New results from ScotCen Social Research’s annual Scottish Social Attitudes survey, released toay, suggest that many of the prominent debates in the campaign, such as on Europe, the pound, and welfare, are having little or no impact on whether voters will vote ‘Yes’ or ‘No’. What matters are voters’ views about the likely economic consequences of independence as opposed to staying in the Union.
Conducted between June and October 2013, ScotCen’s survey finds that:
- 52% would support independence, and only 30% oppose it if they thought they would be £500 a year better off.
- Conversely, only 15% would support independence and 72% would be opposed if they thought they would be £500 a year worse off.
- 71% of those who think Scotland’s economy would be ‘better’ under independence say they ‘will’ or ‘think they are most likely’ to vote Yes. In contrast, 86% of those who think the economy would be ‘worse’ are inclined to vote No.
Such big differences indicate that voters’ perceptions of the economic consequences of independence are central to which way they are inclined to vote. However the survey also reveals that neither side has as yet succeeded in convincing a majority of the merits of their economic case.
- While only 9% agree with the Yes campaign that they personally would be better off under independence, a minority of 29% accept the No argument that they would be worse off. Most feel it would not make any difference (52%) or that they don’t know (10%).
- While just 30% think that Scotland’s economy would be better under independence, a similar number - 34% - believe it would be worse.
In contrast, many of the other arguments and questions that are featuring prominently in the referendum debate, such as on Europe, currency and welfare, seem to make little difference to the way in which most voters are inclined to vote. These are issues on which Yes and No voters largely agree.
- 67% of Yes voters say that an independent Scotland should be a member of the EU, but so also do 70% of No voters.
- 39% of those No supporters who would like to keep the pound are doubtful that an independent Scotland would be allowed to do so, but so too are 33% of Yes voters.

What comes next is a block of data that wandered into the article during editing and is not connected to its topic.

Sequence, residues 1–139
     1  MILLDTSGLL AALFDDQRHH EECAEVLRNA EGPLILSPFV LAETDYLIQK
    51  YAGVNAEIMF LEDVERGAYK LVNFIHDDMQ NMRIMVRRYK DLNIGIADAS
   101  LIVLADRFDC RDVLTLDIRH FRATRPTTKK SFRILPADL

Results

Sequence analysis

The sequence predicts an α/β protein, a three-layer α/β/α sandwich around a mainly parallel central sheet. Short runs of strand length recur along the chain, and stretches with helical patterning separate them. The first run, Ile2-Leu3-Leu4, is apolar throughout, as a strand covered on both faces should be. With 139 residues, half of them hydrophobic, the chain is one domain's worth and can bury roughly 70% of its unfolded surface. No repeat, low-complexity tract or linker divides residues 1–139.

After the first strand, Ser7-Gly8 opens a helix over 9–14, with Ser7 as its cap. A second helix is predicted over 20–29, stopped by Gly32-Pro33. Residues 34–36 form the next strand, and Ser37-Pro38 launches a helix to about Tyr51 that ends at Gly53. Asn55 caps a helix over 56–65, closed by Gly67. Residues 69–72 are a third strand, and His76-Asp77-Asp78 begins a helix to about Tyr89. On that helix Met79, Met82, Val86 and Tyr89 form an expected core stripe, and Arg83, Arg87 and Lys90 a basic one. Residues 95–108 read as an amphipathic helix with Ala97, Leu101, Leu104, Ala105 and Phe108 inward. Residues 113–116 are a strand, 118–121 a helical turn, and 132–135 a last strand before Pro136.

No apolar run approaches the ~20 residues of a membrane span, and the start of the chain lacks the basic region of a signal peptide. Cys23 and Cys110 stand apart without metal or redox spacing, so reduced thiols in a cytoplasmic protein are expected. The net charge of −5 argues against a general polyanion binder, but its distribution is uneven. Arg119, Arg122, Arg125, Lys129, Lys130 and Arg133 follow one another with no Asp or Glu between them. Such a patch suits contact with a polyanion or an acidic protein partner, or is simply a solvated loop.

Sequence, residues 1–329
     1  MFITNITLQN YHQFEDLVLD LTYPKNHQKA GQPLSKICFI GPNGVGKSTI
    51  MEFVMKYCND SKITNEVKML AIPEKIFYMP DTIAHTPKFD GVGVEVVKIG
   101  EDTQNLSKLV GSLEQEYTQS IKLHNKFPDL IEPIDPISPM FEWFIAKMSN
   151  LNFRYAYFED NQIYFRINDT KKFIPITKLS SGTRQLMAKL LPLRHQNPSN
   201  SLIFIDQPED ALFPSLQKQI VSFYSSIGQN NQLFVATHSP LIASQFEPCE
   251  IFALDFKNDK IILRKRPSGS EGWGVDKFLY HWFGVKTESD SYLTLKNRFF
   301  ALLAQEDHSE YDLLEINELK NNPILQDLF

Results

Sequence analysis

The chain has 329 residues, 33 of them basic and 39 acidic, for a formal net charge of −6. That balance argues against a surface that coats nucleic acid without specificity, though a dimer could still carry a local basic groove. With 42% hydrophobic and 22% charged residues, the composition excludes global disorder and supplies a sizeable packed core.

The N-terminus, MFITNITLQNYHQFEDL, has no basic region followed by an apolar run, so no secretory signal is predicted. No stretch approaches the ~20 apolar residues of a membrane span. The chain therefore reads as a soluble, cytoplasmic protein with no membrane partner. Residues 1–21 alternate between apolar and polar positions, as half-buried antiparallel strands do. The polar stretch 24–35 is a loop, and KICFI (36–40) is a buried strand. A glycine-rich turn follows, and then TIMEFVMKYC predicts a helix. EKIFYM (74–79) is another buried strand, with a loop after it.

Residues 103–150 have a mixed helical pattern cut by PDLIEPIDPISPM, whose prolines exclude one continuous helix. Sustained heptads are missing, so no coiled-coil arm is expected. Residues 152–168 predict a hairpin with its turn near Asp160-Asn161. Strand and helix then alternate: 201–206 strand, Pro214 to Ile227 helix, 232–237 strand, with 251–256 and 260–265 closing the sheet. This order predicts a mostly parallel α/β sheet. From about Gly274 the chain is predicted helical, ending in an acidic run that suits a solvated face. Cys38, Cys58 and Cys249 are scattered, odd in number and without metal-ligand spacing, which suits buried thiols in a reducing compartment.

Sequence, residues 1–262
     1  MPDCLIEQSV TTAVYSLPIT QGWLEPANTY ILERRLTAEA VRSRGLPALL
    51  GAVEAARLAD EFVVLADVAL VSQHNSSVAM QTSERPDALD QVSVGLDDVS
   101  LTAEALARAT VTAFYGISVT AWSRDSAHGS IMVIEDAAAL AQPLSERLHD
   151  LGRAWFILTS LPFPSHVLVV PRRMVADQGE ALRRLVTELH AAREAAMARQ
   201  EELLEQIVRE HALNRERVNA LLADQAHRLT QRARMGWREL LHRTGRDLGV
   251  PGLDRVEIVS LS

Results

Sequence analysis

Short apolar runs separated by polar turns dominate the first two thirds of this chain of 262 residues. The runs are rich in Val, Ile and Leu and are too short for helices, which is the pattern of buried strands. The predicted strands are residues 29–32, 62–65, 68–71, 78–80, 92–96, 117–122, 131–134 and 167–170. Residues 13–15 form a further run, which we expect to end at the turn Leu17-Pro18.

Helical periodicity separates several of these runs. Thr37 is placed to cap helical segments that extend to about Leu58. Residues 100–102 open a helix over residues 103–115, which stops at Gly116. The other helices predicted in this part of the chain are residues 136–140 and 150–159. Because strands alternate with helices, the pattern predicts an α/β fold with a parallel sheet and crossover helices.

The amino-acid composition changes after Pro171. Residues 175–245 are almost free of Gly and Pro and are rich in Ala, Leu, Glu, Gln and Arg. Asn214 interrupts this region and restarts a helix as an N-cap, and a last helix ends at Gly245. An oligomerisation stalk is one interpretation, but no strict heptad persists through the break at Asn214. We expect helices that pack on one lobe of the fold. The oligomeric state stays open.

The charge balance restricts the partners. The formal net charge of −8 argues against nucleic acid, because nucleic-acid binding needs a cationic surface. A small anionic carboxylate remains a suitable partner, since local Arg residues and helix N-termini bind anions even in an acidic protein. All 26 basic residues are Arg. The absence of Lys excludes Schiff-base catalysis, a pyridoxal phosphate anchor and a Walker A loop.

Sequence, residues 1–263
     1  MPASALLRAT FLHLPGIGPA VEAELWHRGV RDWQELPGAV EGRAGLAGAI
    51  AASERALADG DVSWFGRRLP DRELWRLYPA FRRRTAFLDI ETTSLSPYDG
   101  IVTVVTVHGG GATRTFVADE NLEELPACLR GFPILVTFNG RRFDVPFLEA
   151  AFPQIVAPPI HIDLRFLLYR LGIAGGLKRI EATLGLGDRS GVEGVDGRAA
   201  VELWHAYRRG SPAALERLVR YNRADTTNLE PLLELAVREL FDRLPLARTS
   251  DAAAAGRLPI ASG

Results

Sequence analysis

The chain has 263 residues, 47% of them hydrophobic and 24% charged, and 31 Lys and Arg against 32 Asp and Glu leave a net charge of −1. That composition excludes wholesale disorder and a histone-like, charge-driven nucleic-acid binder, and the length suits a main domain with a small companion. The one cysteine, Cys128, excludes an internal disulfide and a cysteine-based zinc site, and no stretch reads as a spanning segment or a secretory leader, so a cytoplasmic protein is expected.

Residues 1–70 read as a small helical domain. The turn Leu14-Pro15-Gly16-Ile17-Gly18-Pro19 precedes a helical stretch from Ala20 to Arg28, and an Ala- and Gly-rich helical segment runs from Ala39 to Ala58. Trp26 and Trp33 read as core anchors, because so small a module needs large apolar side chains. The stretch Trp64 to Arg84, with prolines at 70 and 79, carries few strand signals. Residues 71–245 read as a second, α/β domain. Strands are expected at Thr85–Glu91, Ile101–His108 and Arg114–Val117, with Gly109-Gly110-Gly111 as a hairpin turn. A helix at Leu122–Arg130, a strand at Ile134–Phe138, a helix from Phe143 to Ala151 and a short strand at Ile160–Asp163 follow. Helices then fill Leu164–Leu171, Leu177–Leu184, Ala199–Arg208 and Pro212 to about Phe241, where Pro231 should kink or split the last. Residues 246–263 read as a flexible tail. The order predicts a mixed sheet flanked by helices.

- 68% of Yes voters would like to see more spending on people with disabilities, but so also do 58% of No supporters.
Voters remain unsure and uncertain
As a result of the apparent failure of the campaigns to focus on what matters most to voters, many remain unsure and uncertain about what independence would mean.
- 64% say they are ‘unsure’ what would happen if Scotland became independent, a six point increase on 2012. Only 30% (down 4 points) say they are ‘sure’.
- Only 22% feel they know ‘a great deal’ or ‘quite a lot’ about independence, while 37% say they do not know very much or anything at all.
The survey also suggests that there have only been small – and inconsistent – changes in the level of support for independence during the last twelve months, leaving the referendum race looking largely unchanged.
- Although at 29% support for Scotland becoming ‘independent, separate from the rest of the UK’ is up six points on the record low of 23% recorded in 2012, it is still three points below the level in 2011.
- Meanwhile, at 31% the proportion who say that ‘The Scottish Parliament should make all the decisions for Scotland’ is down 4 points on last year.
- When asked how they ‘will’ or ‘think they are most likely’ to vote in response to the question that will appear on the referendum ballot paper (‘Should Scotland be an independent country’), 30% of respondents said ‘Yes’, 54%, ‘No’.
A third option?
It seems that for some voters at least, deciding how to vote has been made more difficult by the absence on the ballot paper of a third option - a more powerful Scottish Parliament within the UK. Those voters - 38% of all Scots - who have yet to decide for sure which way they will vote, are particularly sympathetic to the idea of having a more powerful Scottish Parliament within the UK.
- 42% of these ‘waverers’ say the Scottish Parliament should make all decisions for Scotland with the sole exception of defence and foreign affairs - ten points higher (32%) than amongst Scots as whole.
- 60% of ‘waverers’ feel voters should be able to do more than just vote Yes or No to independence – compared with 51% of all Scots.
Professor John Curtice, Research Consultant at ScotCen Social Research, commented:
‘The referendum campaign is at risk of short-changing the people of Scotland. So far it appears to have done little to help them be clear and confident about the decision they have to make. Many of the issues that preoccupy those campaigning for and against independence are apparently of peripheral interest to voters. Voters want to hear about the economic and financial consequences of the choice that they make, and it is on the outcome of that debate that the result of the referendum is likely to turn.’